Screw Everyone: Sleeping My Way to Monogamy
country’s number one college at the time. It was so vastly superior to other Canadian universities that I didn’t have the faintest clue what anyone was talking about in my lectures. While my classmates were engaging in discourse about Immanuel Kant, Michel Foucault, or Edward Said, I was offering up suggestions for lodging inexotic locales. Apparently, I’d had my nose buried in the equivalent of a bunch of Lonely Planet guides, while they’d spent their first semester reading philosophical treatises.
    While zoning out in Anthro 202, unable to follow the professor, I spotted the first target of my flirty fieldwork project: Ryan Peeling. I could tell by the slight upward tilt of his chin that the culture I’d be infiltrating was “the society of old money.” Old Anglo-Saxon money. He probably knew how to sail, golf, and charge a fancy dinner at the club to a house account.
    We were definitely from different worlds.
    I wanted a window into his lavish world—and not from the servant’s quarters. I wanted to know what a winter tan felt like on my lips, what it was like to sip an aperitif with my bank manager. Although he wore the same Nirvana-inspired plaid button-down as the rest of us, I suspected he was more at ease in a sweater vest with a blue and green Izod tie poking out. As I watched him scribble down whatever the professor was saying, I noticed he was growing out a proper short haircut. I imagined his father was probably worried that his prized heir was going hippie on him. I’m sure the pursuit of an anthropology degree over a practical degree was disappointing enough.
    When the next class began, I slid into the empty seat beside him—not that he noticed. He was too busy listening and raising his hand to ask intelligent questions. There was no way I could compete or impress on that level, so I tried to ingratiate myself by riffing off the lecture and mumbling little jokes and sarcastic lines: “Who wouldn’t want to be a troglodyte? I bet they have cheap rent anddollar draft beers down there . . . must be nice to live in a mud hut. It never gets dirty! . . . The upside of bridal capture is that’s a marriage that will probably last, and parents save a shitload on a wedding.” I managed to coax one smirk out of him, which was a start, enough to say hi in the hallways.
    I was casually persistent. Every time I saw Ryan sitting alone in our college lounge, “The Alley,” I’d invite myself to join him. I’m not sure he knew what to make of this smiling, slightly aggressive new girl who was constantly demanding his attention, but he never asked me to leave. We progressed to going for coffee after class. While he told me all about his life, I drifted off into a fantasy. My brain had started doing this new trick I detested but couldn’t control. I would listen to him while picturing us together in twenty years. Did other girls shamefully do this? Was it years of gender socializing, or were we hardwired to consider the nesting potential of whatever man held our current interest? There he was, likely undressing me in his head and imagining me bent over the hood of his car, while I was fantasizing about us tasting vintage wine at a Napa Valley inn. Naturally, my Ryan visions incorporated access to his wealth. First, he’d pay off my student loans. Next, I’d demand to dress only in difficult-to-even-dry-clean raw silk. He’d be some sort of academic researcher, constantly away at conferences, leaving room for me to tend our small-dog ranch and have an affair with my sculpture teacher in between conducting my own lecture series, “The Anthropology of Amour.” Sure, it sounded more like a Learning Annex course, but I was still only a sophomore—I’d have plenty of time to revise my daydream.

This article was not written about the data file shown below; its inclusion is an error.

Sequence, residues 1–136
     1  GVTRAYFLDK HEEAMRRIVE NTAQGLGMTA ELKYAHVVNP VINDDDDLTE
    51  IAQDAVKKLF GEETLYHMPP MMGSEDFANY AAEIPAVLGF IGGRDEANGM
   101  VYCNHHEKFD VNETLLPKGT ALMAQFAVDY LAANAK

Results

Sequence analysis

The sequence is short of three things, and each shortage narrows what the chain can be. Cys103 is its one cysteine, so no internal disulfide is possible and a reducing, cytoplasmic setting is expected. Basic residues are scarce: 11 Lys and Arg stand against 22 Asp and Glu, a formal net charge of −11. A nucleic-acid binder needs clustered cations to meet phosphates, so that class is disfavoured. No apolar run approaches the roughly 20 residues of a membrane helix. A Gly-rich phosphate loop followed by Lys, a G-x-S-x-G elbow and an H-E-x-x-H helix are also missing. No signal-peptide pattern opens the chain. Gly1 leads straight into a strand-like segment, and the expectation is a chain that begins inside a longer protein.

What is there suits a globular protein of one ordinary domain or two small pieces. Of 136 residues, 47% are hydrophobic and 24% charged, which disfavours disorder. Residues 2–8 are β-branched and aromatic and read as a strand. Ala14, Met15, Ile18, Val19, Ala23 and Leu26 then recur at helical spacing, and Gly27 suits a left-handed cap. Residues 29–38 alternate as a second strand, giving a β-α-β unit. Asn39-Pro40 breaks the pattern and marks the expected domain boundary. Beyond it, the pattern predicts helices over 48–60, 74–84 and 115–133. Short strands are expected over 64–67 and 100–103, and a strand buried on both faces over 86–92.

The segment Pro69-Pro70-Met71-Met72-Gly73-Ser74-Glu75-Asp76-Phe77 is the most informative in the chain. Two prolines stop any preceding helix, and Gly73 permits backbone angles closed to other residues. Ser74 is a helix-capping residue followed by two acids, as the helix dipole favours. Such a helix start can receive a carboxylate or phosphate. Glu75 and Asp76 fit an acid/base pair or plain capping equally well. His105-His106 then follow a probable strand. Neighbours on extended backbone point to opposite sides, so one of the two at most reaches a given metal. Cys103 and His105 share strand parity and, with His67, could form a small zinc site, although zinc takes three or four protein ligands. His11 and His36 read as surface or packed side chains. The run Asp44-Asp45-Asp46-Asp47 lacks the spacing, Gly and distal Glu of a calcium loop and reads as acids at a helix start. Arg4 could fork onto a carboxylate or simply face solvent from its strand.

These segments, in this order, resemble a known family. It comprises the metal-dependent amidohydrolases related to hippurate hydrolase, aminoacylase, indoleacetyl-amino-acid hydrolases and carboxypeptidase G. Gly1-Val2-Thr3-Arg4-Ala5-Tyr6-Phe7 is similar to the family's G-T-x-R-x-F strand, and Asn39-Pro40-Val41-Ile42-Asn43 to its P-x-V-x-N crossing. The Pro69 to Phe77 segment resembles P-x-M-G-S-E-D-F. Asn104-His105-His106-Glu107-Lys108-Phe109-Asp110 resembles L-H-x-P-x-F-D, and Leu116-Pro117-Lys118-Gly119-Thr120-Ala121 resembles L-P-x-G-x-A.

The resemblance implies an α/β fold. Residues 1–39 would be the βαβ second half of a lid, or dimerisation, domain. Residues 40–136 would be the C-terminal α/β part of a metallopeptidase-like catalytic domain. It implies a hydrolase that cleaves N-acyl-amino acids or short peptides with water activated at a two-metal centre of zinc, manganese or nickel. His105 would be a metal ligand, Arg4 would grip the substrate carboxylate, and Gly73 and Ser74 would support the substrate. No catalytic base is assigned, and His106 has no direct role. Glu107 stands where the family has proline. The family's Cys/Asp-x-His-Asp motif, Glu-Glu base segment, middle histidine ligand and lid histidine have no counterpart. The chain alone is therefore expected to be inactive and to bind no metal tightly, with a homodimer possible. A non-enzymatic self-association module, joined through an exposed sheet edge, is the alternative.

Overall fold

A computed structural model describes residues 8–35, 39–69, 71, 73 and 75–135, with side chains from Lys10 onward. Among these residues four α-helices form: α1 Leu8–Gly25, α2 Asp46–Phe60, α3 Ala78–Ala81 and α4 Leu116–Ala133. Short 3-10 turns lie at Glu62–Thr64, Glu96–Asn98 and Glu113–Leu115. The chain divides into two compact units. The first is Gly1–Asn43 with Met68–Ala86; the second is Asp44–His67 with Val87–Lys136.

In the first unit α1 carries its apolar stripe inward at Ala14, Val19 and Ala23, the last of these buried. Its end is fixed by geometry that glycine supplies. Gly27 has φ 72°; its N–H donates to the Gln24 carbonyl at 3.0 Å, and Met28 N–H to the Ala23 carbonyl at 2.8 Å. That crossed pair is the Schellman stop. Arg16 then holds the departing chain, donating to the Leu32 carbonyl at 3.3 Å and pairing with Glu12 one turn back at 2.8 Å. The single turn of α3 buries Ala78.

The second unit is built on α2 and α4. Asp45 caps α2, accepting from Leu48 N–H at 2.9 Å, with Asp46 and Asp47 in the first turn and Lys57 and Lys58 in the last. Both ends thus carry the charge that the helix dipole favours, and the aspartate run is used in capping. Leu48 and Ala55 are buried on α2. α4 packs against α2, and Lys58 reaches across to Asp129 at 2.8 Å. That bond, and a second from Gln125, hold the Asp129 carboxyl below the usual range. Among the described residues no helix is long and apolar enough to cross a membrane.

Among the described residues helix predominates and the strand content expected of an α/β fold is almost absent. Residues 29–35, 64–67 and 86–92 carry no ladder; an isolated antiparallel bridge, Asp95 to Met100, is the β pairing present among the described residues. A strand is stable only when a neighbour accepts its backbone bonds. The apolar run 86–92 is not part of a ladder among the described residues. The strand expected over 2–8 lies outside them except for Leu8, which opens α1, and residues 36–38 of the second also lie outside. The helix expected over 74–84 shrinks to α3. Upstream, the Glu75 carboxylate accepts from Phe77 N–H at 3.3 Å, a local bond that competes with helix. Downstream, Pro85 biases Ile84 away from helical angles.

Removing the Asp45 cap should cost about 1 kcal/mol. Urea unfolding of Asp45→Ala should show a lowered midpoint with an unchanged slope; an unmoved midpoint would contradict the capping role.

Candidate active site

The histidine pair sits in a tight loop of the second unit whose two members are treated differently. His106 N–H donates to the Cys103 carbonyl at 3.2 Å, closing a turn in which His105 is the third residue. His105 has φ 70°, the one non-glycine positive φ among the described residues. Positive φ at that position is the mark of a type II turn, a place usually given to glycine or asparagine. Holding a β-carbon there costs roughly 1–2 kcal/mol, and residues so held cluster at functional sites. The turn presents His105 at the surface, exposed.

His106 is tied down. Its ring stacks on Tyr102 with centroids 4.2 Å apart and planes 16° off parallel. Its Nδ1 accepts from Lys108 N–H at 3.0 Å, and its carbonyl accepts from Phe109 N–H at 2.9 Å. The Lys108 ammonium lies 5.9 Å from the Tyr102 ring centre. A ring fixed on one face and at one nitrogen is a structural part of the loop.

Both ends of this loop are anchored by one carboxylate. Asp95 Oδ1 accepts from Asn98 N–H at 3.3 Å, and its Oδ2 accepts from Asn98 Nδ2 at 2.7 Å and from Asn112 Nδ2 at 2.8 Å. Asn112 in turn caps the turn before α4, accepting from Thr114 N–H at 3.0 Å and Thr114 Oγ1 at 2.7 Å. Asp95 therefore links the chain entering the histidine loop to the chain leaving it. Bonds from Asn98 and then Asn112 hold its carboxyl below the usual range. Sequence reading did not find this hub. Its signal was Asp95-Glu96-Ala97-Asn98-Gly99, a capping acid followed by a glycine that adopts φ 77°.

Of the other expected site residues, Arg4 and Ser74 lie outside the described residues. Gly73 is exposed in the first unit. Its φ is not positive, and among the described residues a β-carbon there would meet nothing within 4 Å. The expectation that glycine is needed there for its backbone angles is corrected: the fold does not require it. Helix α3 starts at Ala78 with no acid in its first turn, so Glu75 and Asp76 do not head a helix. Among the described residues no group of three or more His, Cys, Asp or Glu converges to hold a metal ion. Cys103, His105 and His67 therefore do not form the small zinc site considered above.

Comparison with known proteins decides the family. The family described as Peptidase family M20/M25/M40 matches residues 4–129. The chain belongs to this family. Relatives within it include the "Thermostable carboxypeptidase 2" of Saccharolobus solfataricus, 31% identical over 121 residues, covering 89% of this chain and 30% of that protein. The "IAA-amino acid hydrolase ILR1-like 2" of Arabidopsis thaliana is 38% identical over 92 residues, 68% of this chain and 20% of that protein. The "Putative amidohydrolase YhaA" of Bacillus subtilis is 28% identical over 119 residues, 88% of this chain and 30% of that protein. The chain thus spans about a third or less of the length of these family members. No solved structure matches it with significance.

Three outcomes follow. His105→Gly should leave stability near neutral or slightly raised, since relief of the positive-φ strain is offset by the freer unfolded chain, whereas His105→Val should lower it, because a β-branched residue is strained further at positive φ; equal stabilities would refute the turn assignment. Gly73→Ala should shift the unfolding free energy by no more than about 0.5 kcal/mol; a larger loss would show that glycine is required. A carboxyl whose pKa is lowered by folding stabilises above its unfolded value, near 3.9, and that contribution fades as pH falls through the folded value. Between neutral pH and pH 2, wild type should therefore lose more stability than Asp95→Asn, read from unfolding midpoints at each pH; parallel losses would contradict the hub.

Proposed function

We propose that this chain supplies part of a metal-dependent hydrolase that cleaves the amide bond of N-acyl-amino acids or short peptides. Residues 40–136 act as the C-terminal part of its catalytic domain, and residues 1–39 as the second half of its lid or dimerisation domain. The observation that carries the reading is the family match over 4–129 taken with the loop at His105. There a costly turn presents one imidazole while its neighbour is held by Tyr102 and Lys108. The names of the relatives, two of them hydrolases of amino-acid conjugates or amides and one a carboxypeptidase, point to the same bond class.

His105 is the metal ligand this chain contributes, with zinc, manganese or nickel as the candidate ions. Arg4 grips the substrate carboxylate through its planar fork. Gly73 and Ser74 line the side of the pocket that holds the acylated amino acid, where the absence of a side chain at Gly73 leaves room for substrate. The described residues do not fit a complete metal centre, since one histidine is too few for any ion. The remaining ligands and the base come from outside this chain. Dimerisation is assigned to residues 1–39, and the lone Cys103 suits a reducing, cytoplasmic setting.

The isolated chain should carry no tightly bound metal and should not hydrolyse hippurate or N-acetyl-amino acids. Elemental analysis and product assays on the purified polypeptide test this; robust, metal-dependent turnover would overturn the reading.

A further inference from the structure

After the Rituals and Shamanism lecture, Ryan and I were having our coffees when he said, “You know, I’ve never done any psychedelic drugs. I really want to try mushrooms, you know? Witness that shift in

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